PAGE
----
A new Caribou-based nonprofit is on its way to creating a homeless shelter and work-training center for Aroostook County veterans.
United Veterans of Maine, founded in 2015, partnered with WAGM-TV to raise more than $45,000 in one day toward conversion of a 12.5-acre garden center into a place where homeless veterans may not only reside, but also learn skills that will help them be productive members of the community.
“Project 16,” a March 9 fundraising telethon coordinated by the local television station, tapped into the generosity of Aroostook County residents, exceeding all expectations.
“We thought $17,000 would be a good goal,” said UVM president John Deveau, who served twice in Iraq. That goal was reached by 10 a.m.
“WAGM saw a great idea and decided to partner,” Deveau said. “They got the message out. They made the cause known. I can’t thank them enough.”
More than 200 individuals, families and businesses donated during the day, marking the end of a month of promotions that included a challenge to do 16 jumping jacks to support the cause and submit a video for an online competition. Entries included videos of 250 Caribou High School students and children at a local day care center, which can still be viewed at www.wagmtv.com/project16aroostook.
“We even got Rene Clukey to do 16 jumping jacks,” said Vietnam veteran Vaughn Hardaker of the WAGM-TV sportscaster who said he would respond to the challenge if UVM met their goal. Hardaker is commandant of the Meo Bosse detachment of the Marine Corps League in Caribou, another partner in the homeless shelter project. “WAGM was fantastic,” he said. “All the promotion was given absolutely free. That could be worth at least $20,000.”
The drive to fund a homeless shelter for Aroostook County veterans grew from a desire to find housing and services for veterans who do not qualify for admission to other shelters. “Project 16” was named for the veterans not admitted to homeless shelters in 2015.
“Sixteen veterans from Aroostook County were turned away from receiving shelter assistance in 2015,” said Deveau, citing numbers from the HUD Homeless Management Information System. Twenty-two Aroostook County veterans were homeless in 2015. Six of them were able to get into a shelter.
“Someone had to step up and assist,” Deveau said, “so we took a military concept and civilianized it.”
On May 1, United Veterans of Maine will close on the property that was Phil’s Florist and Greenhouses in Caribou and begin to convert it into the Dahlgren-Skidgel Farm of Hope. The 12.5-acre site includes five greenhouses, a pole barn, a Quonset hut and an office complex that serves as the United Veterans of Maine headquarters.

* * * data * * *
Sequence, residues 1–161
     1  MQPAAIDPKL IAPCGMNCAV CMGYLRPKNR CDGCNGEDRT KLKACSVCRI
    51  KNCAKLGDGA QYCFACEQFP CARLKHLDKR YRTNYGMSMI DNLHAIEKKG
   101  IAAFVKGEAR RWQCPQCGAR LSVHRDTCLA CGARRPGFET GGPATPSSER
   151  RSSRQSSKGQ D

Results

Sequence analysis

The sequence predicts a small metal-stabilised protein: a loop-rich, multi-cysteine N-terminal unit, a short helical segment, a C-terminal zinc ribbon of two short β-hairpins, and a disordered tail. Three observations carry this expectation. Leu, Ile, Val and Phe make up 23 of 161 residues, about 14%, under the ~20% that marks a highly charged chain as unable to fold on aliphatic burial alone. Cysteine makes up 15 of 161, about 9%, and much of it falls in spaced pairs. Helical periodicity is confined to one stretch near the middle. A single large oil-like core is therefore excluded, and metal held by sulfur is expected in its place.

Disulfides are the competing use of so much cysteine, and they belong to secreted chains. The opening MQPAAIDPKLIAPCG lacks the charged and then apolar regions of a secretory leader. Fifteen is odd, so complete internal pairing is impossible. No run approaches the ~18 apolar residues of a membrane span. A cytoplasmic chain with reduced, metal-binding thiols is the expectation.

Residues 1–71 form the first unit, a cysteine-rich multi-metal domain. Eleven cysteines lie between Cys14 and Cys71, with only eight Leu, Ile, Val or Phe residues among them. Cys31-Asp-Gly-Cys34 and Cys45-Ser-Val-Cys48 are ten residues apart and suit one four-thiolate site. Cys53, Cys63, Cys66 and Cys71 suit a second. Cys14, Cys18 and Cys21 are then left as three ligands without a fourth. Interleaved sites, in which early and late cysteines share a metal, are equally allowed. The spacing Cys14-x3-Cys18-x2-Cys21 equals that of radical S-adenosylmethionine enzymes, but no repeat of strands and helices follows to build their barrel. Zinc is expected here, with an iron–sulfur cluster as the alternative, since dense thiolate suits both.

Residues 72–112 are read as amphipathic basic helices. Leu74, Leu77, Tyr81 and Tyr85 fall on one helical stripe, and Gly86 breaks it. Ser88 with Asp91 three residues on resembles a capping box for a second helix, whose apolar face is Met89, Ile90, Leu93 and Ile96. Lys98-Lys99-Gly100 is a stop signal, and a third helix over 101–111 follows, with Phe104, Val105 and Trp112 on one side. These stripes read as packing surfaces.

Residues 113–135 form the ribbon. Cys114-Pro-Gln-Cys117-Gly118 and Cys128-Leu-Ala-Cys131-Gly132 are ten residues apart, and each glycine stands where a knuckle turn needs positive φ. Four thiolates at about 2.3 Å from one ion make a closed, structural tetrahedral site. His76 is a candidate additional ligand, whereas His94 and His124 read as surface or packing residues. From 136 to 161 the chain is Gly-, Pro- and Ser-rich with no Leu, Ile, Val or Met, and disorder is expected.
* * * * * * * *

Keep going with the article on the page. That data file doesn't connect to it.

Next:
Six two-unit cabins will be constructed to house homeless vets, who will also get counseling and job training. Residents will be required to work on the farm for a small wage, learning agricultural skills as well as skills associated with operating a business. David and Patty Corriveau, former owners of the florist business, have volunteered to mentor veterans on growing food for their own use and eventually to sell at a farm stand.
Volunteers from diverse professions are coming forward to apply their skills — from accounting to construction — in support of the project. Caribou’s former code enforcement officer is the construction supervisor, Cary Medical Center’s public affairs director is handling publicity, Northern Builders in Presque Isle offered 100 hours of labor and Haney’s Building Specialties in Caribou will help provide cabinets.
“Carpentry and paint crews from Job Corps have done a phenomenal job,” Deveau said of workers based at the Loring Commerce Center in Limestone, who have helped convert the former retail space into an office building. Reciting name after name of people who have volunteered, Deveau said, “This team will make it work.”
United Veterans of Maine is also seeking United Way and grant support for the project.
The farm is named for two Aroostook County veterans who received the Medal of Honor. Donald Skidgel of Woodland earned the Medal of Honor for service in Vietnam.
World War II veteran Edward Dahlgren of Perham and Mars Hill was the first veteran in Aroostook County to seek treatment for post-traumatic stress disorder, according to Hardaker. “Now many [veterans] in the area are getting benefits they would not have but for Ed Dahlgren,” Hardaker said, praising the book, “In the Shadow of the Mountain,” in which Dahlgren’s daughter Susan Dahlgren Daigneault details her father’s experience.
Issues related to PTSD often preclude veterans from gaining admission to homeless shelters, but these veterans will not be turned away from the new Dahlgren-Skidgel Farm of Hope. Deveau said a veteran does not have to be living on the streets to be considered homeless, but also could be “someone close to homeless or living on someone’s couch.”
“United Veterans of Maine’s goal is simple: to provide shelter and coordinate services for the most deserving population … our veterans.”
Any veteran who served honorably may be a full voting member of the organization and nonmilitary supporters of the cause are welcomed as associate members. Deveau said the overwhelming support of Aroostook County donors “who believe in what we’re doing” reignited the fire that drove him to organize the project.
“We’re going to make this happen,” he said. “We believe in taking care of our own.”
A grand opening for the Dahlgren-Skidgel Farm of Hope is scheduled for April 15 at 1 p.m.
Kathryn Olmstead is a former University of Maine associate dean and associate professor of journalism living in Aroostook County, where she publishes the quarterly magazine Echoes. Her column appears in this space every other Friday. She can be reached at firstname.lastname@example.org or P.O. Box 626, Caribou, ME 04736.